>> status.
> How about this:
> Every time Server A does its thing, it signals success to Server B.
> Server B runs a timer script that resets every time it receives the
> "success" signal from Server A.  If it doesn't receive the signal, it
> "does its thing" and signals success to Server A.

Yeah, I was thinking of writing a simple client / server pair in c that
opens a UDP socket and sends a status from the client on B to the
server on A.
> Server A is also running a timer script, and it resets when it gets
> the success signal from Server B.

'Not needed.  Server B will be trying to run the process, regardless. If
it works, it signals A, which is inhibited from doing anything.  If it
fails for whatever reason, then A will take over when it doesn't get an
update.  If server A croaks completely, B doesn't really care.  It will
still be happily running the process.  If any aspect of server B's
processes fail, A does its bit.

> So now Server B will act as "primary", and Server A will just wait
> until
> Server B fails to send a success signal.  ...Unless you adjust the
> timing of the script and the cron job.  For instance:

The process doesn't care in the least which server is actually running,
so there is no need to "flip-flop" server rolls.  There are certainly
cases where one server must actually assume the mantle of the other in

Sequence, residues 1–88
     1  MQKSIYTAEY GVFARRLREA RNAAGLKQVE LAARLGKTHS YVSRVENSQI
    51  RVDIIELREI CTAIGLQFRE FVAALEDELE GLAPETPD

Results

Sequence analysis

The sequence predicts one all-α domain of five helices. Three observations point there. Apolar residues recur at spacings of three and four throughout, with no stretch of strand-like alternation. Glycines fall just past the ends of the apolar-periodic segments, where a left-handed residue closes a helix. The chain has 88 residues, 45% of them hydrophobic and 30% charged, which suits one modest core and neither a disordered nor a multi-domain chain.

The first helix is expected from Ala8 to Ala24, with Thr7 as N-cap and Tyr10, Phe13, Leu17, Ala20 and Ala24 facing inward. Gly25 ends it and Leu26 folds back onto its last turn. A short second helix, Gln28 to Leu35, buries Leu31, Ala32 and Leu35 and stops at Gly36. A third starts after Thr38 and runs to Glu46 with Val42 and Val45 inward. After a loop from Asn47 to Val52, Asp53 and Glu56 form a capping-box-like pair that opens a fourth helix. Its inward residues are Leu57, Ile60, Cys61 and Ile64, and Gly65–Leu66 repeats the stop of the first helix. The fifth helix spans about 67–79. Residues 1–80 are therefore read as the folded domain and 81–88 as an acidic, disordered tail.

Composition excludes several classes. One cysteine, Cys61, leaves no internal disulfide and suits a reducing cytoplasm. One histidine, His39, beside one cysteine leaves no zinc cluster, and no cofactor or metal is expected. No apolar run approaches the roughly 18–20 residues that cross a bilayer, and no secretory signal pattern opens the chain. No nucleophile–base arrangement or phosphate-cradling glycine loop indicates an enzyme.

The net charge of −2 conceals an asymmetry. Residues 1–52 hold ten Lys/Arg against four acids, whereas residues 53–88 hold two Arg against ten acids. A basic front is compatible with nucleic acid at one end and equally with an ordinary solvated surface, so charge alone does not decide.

order to take over, particularly, for example, if external processes
are seeking to initiate conversations with the server, but that is not
the case, here.  The active server initiates all conversations with the
subordinate host.  Indeed, for this application, it would mostly not
really hurt if both machines ran the processes, as long as both did not
attempt to run  them at the exact same time.  There are a few
scenarios, however, where running the process on both machines a few
seconds apart could produce some undesirable results, so I am going to
inhibit machine A from doing anything as long as machine B is alive and
> Server A could be set to do its thing every 5 minutes, assuming it has
> not received a success signal from Server B for the last 4 minutes.
> This gives Server A the opportunity to become primary again after
> Server B had been doing its thing.
> Server B would be set to do its thing every 5 minutes, assuming it has
> not received a success signal from Server A for the last 5 minutes (or
> 6 minutes, or whatever seems reasonable).
> Sorry I can't help w/ the timer script.  But I think something like
> "ssh
> serverA touch timerfile" would be sufficient to reset the timer.  Then
> your script could check for the timestamp on "timerfile".

Yeah, you know, that would work.  Creating a timer is no big deal.  If I
use your ssh example, I could simply do something like 

find -cmin +5 -name timerfile -exec <Process> \;

Since both processes are running every minute under cron, nothing more
is needed.

As long as server B is alive and talking, timerfile will never be older
than 1 minute.  If B goes down for 4+ minutes, <Process> will run every
minute on A.  Once B comes back, timerfile will once again be young. 
As long as I add a little delay on A or B so the two processes don't
collide endlessly, it should work.